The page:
Inspiration - Lee Holmes, Author & Blogger, Supercharged Food
1. Why did you decide to look more closely at food as a way to heal your body?
About 5 years ago, I woke up one morning unable to get out of bed. I felt absolutely exhausted, with no desire to do anything. I would limp home from work, barely having the energy to flop on the couch. My stomach ached and all I wanted to do was curl up and sleep. Doctors couldn’t understand why I was so ill, my hair fell out in clumps and my weight got down to almost 45kgs. Hives covered my ulcerated body, my muscles ached and I was tired and depressed. The next 6 months were a blur, while I negotiated my way through the complex medical system. I was finally diagnosed with Chronic Fatigue and fibro-myalgia. The answer I was given was a life of immuno-suppressants, steroids and anti-inflammatories, which were making me feel worse and I was becoming weaker. Fed up with the medical system, and at a complete loss, I started to wonder if food might be aggravating my symptoms.
2. What food choices were you making before you became ill?
I was very busy working in the music and TV industries, and didn’t have a lot of time. I was eating convenience food that claimed to be healthy and I thought it was. But I didn’t read the labels. When I started looking more closely at the ingredients, they were not benefiting my body, my cells.
3. What changes have you made? And how long did it take?
After a lot of research on diet and nutrition, changing my diet had a monumental effect on my health. I eliminated 5 foods: gluten, wheat, dairy, yeast and sugar. I started with gluten and wheat, and my symptoms marginally improved. I then took out sugar and yeast, because I am a strong believer that good health is connected with a healthy gut and sugar is an immunosuppressant. With these changes my symptoms got dramatically better. I then eliminated dairy, and my health got even better. I had more energy and vitality and put on weight. We can be the healthiest person, but if our gut isn’t working effectively, we’re not going to be the healthiest we can be.
As well as eliminating these foods, I worked on healing the gut and my cells. While I don’t believe in overloading our systems with supplements, I did supplement with good quality fish oils, probiotics and Vitamin C. My diet was almost a liquid diet including a lot of mineral rich bone broths.
For the first time in a long time I had mental clarity, I felt alive, and was back cooking up a storm in the kitchen. I still have symptoms of my illness, but I now know how to manage them.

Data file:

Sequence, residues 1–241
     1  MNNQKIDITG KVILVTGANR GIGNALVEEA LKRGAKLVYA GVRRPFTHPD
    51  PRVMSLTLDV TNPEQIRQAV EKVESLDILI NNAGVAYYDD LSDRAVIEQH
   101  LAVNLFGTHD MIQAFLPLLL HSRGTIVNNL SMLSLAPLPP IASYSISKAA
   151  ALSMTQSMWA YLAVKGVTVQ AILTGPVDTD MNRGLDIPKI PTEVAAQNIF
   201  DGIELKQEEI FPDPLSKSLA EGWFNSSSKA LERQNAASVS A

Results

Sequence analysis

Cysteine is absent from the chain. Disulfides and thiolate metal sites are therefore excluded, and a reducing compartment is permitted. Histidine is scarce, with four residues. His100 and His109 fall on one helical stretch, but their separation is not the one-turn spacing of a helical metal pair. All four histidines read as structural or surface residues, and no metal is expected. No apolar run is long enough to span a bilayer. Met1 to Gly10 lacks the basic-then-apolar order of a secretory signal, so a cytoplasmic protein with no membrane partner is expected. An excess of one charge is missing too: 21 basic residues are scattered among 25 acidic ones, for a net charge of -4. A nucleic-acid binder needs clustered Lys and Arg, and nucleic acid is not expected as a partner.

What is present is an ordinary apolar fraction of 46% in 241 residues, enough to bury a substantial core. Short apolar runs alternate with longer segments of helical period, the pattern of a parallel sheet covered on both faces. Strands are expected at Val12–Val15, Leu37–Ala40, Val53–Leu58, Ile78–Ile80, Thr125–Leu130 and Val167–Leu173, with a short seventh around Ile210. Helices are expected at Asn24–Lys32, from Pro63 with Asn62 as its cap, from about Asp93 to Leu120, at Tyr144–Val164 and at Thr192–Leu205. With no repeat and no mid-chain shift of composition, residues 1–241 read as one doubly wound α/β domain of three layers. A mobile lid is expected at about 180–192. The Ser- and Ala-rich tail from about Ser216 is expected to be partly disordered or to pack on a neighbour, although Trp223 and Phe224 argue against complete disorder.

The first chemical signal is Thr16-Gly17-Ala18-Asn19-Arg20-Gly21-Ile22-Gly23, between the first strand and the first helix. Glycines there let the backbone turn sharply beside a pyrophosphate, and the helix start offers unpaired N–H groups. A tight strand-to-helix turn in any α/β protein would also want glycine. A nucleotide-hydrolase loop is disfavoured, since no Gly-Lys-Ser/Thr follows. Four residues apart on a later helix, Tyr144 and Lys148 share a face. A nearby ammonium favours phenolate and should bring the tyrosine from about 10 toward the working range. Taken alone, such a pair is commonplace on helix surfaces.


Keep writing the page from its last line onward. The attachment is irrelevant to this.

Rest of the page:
4. What was particularly difficult for you in making the changes?
- I had been looking for an overnight solution, when I realised to get my health back wasn’t going to be instant, that was hard.
- Also feeling worse, before I felt better.
5. Any tips you used for encouraging your family to support you in your changes?
I began integrating my new recipes and foods into our family menu planning. Now my family complains if something isn’t made from scratch!
6. What is and has been instrumental in achieving good health in terms of habits, food or lifestyle choices you’ve adopted?
- Getting the gut in order.
- Mentally understanding how important it was to cut out processed foods and include more wholefoods. Food that is less taxing on our immune system and allows our cells to heal.
- The key really was giving my immune system ‘a break’.
- Managing my stress was also an important part of my recovery.
7. What is the number one thing you would recommend to a person who wants to improve their overall health?
Take it slowly and make changes in your own time. Everyone’s different, find the foods that are right for you and incorporate those small changes into your day.
In regard to food, start incorporating green juices into your day and enjoy water and lemon drinks that help your body alkalise.
8. For many of us, it can be a big change, or difficult to make time for cooking. What handy tips do you have for being more efficient in the kitchen?
- Shop once a week and top up with fresh vegies throughout the week.
- Chop up all your vegies on Sunday night. I cut them up and place them in containers – ready to go for the week.
- Batch cooking. I have a batch cooking day, where I stock up the freezer with food and I have it on hand.
- Nourishing snacks. I always have activated nuts or my ‘amaze balls’ on hand. If my energy starts to flag I can grab something nourishing that will give me the boost I need and keep me going. (note: Lee sells these products on her website, you can find these at her online shop: http://www.superchargedfood.com/shop).
9. Do you think it’s important for us to take more personal responsibility or ownership for our health?
Yes, absolutely. It’s important not to put all your faith into one industry, particularly for ongoing health concerns eg diabetes, arthritis and to consider natural alternatives eg naturopaths or other health practitioners, such as health coaches who can advise on supporting the whole person through incorporating whole foods and better lifestyle choices rather than synthetic drugs alone.
10. Is there anyone in particular who has inspired you on your journey?
Jamie Oliver inspires me because he is at the forefront of a passionate food revolution, using his public profile to educate people towards fresh wholesome ingredients and away from processed and artificial foods. In Jamie’s School lunches he challenged the British government to review their lunch menus and use of vending machines in schools and now he is tackling the obesity epidemic in the US to encourage change at community and government levels.
Thank you so much for your time Lee and sharing your inspirational story and practical tips. Lees’ website is full of many more ideas for cooking up a storm in the kitchen, handy tips for cleaning and more. You’ll also find her book for sale. Visit http://www.superchargedfood.com/